DAYTONA BEACH, Fla. -- NASCAR on Wednesday announced that it has added a wild-card element to setting the Chase for the Sprint Cup field and it has simplified its points system for 2011, making it easier for fans, competitors and the industry to understand.
While the 12-driver Chase field remains intact, the final two spots will be determined by the number of victories during the first 26 races.
The top 10 in points following Race No. 26 -- the "cutoff" race -- continue to earn Chase berths.
Positions 11 and 12 are "wild-card" qualifiers and will go to non-top-10-ranked drivers with the most victories, as long as they're ranked in the top 20 in points. The top 10 Chase drivers will continue to be seeded based on victories during the first 26 races, with each win worth three bonus points. The wild-card drivers will not receive bonus points for wins and will be seeded 11th and 12th, respectively. It's a move aimed toward rewarding winning and consistency during the regular season.
NASCAR chairman and CEO Brian France made the announcements at the NASCAR Hall of Fame in Charlotte, N.C., during the Sprint Media Tour.
"The fans tell us that winning matters the most with them, so we're combining the tradition of consistency in our sport with the excitement that comes along with winning," France said. "This makes every race count leading into the 26th race of the season at Richmond, when we set the field for the Chase for the NASCAR Sprint Cup."
The new points system -- which applies to all NASCAR national series -- will award points in one-point increments. As an example, in the Cup Series, race winners will earn 43 points, plus three bonus points for the victory. Winners also can earn an extra point for leading a lap and leading the most laps, bringing their total to a possible maximum of 48 points.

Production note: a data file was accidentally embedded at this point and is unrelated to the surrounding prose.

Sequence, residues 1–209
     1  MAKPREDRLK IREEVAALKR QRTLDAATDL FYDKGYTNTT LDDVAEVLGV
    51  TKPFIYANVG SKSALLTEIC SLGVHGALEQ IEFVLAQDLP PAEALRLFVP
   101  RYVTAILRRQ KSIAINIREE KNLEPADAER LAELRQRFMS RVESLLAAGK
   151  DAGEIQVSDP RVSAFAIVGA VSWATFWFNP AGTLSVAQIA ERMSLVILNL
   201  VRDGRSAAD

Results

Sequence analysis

All other drivers in a finishing order will be separated by one-point increments. A second-place finisher will earn 42 points, a third-place driver 41 points, and so on. A last-place finisher -- 43rd place -- earns one point. In the Camping World Truck Series, the last-place finisher receives eight points, to account for that series' 36-driver race field.
"Many of our most loyal fans don't fully understand the points system we have used to date," said France, referencing the system that has been in use since 1975. "So, we are simplifying the points system to one that is much easier to understand. Conceptually, it is comparable to our previous system, but it is easier to follow."
During his remarks Wednesday night, France reflected on the outstanding competition the sport enjoyed in 2010 and expected to see that high caliber of racing to continue once the green flag drops for the 53rd running of the Daytona 500 on Feb. 20.
"NASCAR enters 2011 with positive momentum and a great sense of excitement and optimism," France said. "We're extremely excited for the launch of the season. Leading the season off with Daytona, Phoenix and Las Vegas, we believe our fans are in store for some of the best racing the sport has to offer."
Other competitive enhancements announced Wednesday:
Pick a Series -- Drivers in all three national series now must select the series where they'll compete for a drivers' championship. Drivers still may compete in multiple series and help their teams win owners' titles in series where they're not competing for a drivers' title. The move helps spotlight young talent in the Nationwide and Truck series.
New Qualifying Procedure -- The qualifying order will be set based upon slowest-to-fastest practice speeds.
Inclement Weather Qualifying -- If bad weather cancels qualifying, the final starting lineup will be determined by practice speeds. The same rule book procedures will be used to determine eligibility to start a race. If weather cancels practice sessions, then the starting lineup will be set by points, per the rule book.
Tire Rules Revision -- Cup teams now are allowed five sets of tires for practice and qualifying instead of six. They must return four of those sets to Goodyear in order to receive their race allotment, and may keep one set of practice/qualifying tires. Tire allotments for race weekends will vary according to historical performance data.
Closed Loop Fueling System -- Introduced in the Truck Series, this goes into effect for all three national series in 2011. It combines a more efficient fueling system with the elimination of the catch-can man, considered the most "vulnerable" pit-crew member. Teams now will use six, rather than seven, over-the-wall pit-crew members.
Evolution of Cup Car -- NASCAR continues to work with the manufacturers and teams to enhance the look of the Cup Series car. The cars have new fronts this season and the body makeover will continue to help appeal to fans and aid manufacturer identity.